Tax accountants love to grumble about their tax software, telling war stories about how they survived software bugs, tardy arrivals of updates and state editions and occasional erroneous IRS code interpretations. As this in-depth survey of tax preparers shows, most CPAs really dont hate their tax software; in fact, they generally give their brands high marks.
Thats not to say theyre unaware of their products shortcomings. Unlike years past, they show more willingness to switch brands. (For more on the survey and the problems associated with brand switching, see The Business of Tax Software.) Our survey showed that 33% of those who switched brands last year made the move because they were either dissatisfied with their old brands or simply found ones they liked better; another 30% of the switchers gave other reasons, but many of those switched because their vendors either had gone out of business or had stopped supporting the products.
The Business of Tax Software
THE HIGHEST RATING
We also surveyed the products users are abandoning and embracing. ProSystem fx, the Windows program from CCH, is the brand likely to experience the least turnoverwith only 0.8% of its users saying they planned to move to another brand (see exhibit 1). Likewise, its the brand favored by most (24.5%) who planned a switch but didnt currently use ProSystem fx. The second most popular brand attracting new users was Lacerte for Windows (15.1%).
And although 13.8% of users of ProSystem fx for DOS planned to switch to another program next year, the DOS product gained the reviewers highest overall approval rating (4.6 out of a possible 5) with its Windows version running a close second with 4.4. (For details of those ratings, see exhibit 2). In examining the data, we were initially surprised that a DOS product outscored a Windows versionalbeit the gap was small. We concluded that the DOS users, although not large in number, are extremely loyal to their products and are very resistant to upgrading to Windows.
The product with the lowest overall rating was Arthur Andersens APlusTaxa brand that was discontinued after last tax season. Its Windows version received the third lowest rating (3.7), slightly ahead of GoSystem for Windows (3.6).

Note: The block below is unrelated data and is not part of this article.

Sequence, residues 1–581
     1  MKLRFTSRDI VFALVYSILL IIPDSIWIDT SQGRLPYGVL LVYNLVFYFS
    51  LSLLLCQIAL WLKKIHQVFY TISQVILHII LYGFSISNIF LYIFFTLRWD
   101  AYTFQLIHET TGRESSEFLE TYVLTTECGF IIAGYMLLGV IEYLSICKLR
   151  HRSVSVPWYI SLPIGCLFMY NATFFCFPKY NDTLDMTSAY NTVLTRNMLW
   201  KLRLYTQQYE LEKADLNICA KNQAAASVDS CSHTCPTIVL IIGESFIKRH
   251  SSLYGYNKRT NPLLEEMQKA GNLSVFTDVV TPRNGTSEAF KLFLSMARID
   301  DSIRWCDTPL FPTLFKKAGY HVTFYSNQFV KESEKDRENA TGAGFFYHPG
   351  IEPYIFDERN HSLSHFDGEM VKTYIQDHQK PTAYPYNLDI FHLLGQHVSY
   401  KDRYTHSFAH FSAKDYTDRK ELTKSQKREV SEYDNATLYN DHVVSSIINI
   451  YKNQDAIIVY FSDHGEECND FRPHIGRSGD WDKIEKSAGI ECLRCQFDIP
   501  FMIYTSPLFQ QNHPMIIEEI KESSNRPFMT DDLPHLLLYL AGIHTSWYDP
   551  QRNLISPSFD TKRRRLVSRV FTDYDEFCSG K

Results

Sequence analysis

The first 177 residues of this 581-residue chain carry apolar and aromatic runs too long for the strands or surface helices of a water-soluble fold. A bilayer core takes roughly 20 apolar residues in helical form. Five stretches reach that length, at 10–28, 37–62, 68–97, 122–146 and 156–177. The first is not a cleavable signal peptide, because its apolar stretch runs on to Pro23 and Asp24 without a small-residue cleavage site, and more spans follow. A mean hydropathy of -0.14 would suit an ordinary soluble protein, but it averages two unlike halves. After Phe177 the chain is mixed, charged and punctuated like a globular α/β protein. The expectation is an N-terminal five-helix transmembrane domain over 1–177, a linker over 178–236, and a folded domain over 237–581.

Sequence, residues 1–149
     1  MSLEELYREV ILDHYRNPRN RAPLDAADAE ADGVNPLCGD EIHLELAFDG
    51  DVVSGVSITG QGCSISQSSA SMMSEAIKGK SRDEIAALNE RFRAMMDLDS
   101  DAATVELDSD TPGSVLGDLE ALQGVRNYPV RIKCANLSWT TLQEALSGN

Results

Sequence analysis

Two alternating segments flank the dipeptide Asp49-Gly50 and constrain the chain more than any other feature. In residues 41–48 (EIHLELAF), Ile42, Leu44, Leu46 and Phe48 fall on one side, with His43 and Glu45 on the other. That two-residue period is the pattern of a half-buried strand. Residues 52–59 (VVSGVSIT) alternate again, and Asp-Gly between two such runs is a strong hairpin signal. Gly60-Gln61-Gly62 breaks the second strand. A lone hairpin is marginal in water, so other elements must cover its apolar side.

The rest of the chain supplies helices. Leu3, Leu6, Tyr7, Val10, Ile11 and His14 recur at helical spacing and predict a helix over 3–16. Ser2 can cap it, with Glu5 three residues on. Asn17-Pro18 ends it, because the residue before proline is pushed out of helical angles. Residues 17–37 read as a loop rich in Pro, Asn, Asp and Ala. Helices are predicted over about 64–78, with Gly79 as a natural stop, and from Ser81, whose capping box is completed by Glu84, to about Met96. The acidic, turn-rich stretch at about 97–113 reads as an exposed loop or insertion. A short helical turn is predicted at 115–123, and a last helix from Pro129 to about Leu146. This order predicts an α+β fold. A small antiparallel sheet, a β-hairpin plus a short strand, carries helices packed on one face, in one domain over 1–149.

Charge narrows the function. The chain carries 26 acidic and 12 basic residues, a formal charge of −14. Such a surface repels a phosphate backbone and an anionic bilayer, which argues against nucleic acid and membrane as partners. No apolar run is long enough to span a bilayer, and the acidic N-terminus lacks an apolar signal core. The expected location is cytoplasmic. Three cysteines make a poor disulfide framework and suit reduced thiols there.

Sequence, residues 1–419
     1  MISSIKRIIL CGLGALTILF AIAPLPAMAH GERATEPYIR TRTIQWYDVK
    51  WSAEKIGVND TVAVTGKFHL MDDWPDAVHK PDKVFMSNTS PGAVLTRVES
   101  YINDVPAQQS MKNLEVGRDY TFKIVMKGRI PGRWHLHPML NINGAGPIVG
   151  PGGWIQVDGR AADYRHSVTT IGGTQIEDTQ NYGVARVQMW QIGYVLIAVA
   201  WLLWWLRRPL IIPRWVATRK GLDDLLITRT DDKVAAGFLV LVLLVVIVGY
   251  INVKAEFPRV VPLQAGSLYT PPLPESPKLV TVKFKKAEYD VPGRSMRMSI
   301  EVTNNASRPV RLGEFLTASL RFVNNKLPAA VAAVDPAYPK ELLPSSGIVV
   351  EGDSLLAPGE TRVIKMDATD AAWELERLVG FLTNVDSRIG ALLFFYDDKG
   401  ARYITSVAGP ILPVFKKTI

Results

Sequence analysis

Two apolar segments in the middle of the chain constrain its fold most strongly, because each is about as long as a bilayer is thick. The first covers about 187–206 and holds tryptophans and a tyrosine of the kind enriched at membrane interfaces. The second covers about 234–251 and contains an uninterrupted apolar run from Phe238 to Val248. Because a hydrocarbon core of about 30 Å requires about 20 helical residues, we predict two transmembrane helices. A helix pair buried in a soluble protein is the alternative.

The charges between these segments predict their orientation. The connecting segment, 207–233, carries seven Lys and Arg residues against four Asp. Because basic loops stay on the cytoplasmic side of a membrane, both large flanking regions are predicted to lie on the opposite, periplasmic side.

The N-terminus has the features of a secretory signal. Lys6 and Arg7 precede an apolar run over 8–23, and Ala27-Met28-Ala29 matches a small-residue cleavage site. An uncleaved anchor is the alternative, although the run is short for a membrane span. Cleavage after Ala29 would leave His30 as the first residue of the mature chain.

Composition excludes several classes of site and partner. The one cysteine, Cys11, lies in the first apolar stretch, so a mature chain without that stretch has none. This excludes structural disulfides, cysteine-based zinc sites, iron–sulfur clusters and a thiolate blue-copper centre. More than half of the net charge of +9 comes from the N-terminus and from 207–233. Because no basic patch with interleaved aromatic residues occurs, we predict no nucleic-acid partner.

All of the programs caused at least one problem last tax season that reviewers said was the softwares fault (see exhibit 3). The brand that generated the most grumbling was APlusTax for Windows33.3% of the users reported problems. Lacerte for Windows generated the least17.1%.
In addition, the reviewers reported that only three of the programs handled all the tax law changes correctlytwo Windows programs, Lacerte and ProSeries, and UltraTax for DOS. The brands garnering the most reports of new law errors were APlusTax for DOS (15.8%) and Pencil Pushers for DOS (8.7%).
Another measure of a programs friendliness and accuracy is the number of times a user needs to call technical support for assistance. APlusTax for Windows triggered the most calls (see exhibit 5). ProSeries for Windows generated the least.
This year, the National Association of Tax Practitioners (NATP) conducted its own survey, assessing its members level of satisfaction with the tax products they use. Youll note, as shown in exhibit 6, that the 17 products which received the highest number of responses in its survey are not exactly the same as in our survey. Yet, as shown in exhibit 8, there is an astonishing similarity in the overall satisfaction ratings between the products that are common to both surveys.
SELECTING A BRAND
Readers often use the material in articles like this as an aid in buying softwareand surely the experiences and recommendations of professional colleagues can be an effective guide. Some of our ratings (see especially exhibit 2) should provide much useful information for making a decision. Another guide for whether a package fits your firm is in exhibit 7, in which reviewers profiled their firms and listed the software packages they used. You can use this information as a negative guidein other words, rather than select a package because most firms your size use it, consider rejecting packages when firms with profiles similar to yours dont use a package.
But relying exclusively on what amounts to recommendationseven though the recommendations are from a large group of experienced tax practitionersalso carries with it a danger: Software that works well for one tax practitioner may not be right for another.
The bestand some say the only effectiveway to make a buying decision is to put the software through its paces. In other words, try it. Tax software vendors are willingeven eagerto send you evaluation copies of their prior-year products. By checking the profiles in exhibit 6 and the responses to the reviews, you should be able to come up with two or three candidates
Resist the temptation to skip this hands-on test. If you limit your assessment to survey results, you will be jumping on a bandwagon, but the band may not be playing your tune or even going your way.
MARSHALL ROMNEY, CPA, PhD, CFE, is an accounting and information
systems professor at Brigham Young University, Provo, Utah.
BRIAN SPILKER, CPA, PhD, and RON WORSHAM, CPA, PhD, are assistant professors specializing in taxation at the same university.
STANLEY ZAROWIN is a senior editor on the Journal.
Mr. Zarowin is an employee of the American Institute of CPAs and his views, as expressed in this article, do not necessarily reflect the views of the AICPA. Official positions are determined through certain specific committee procedures, due process and deliberation.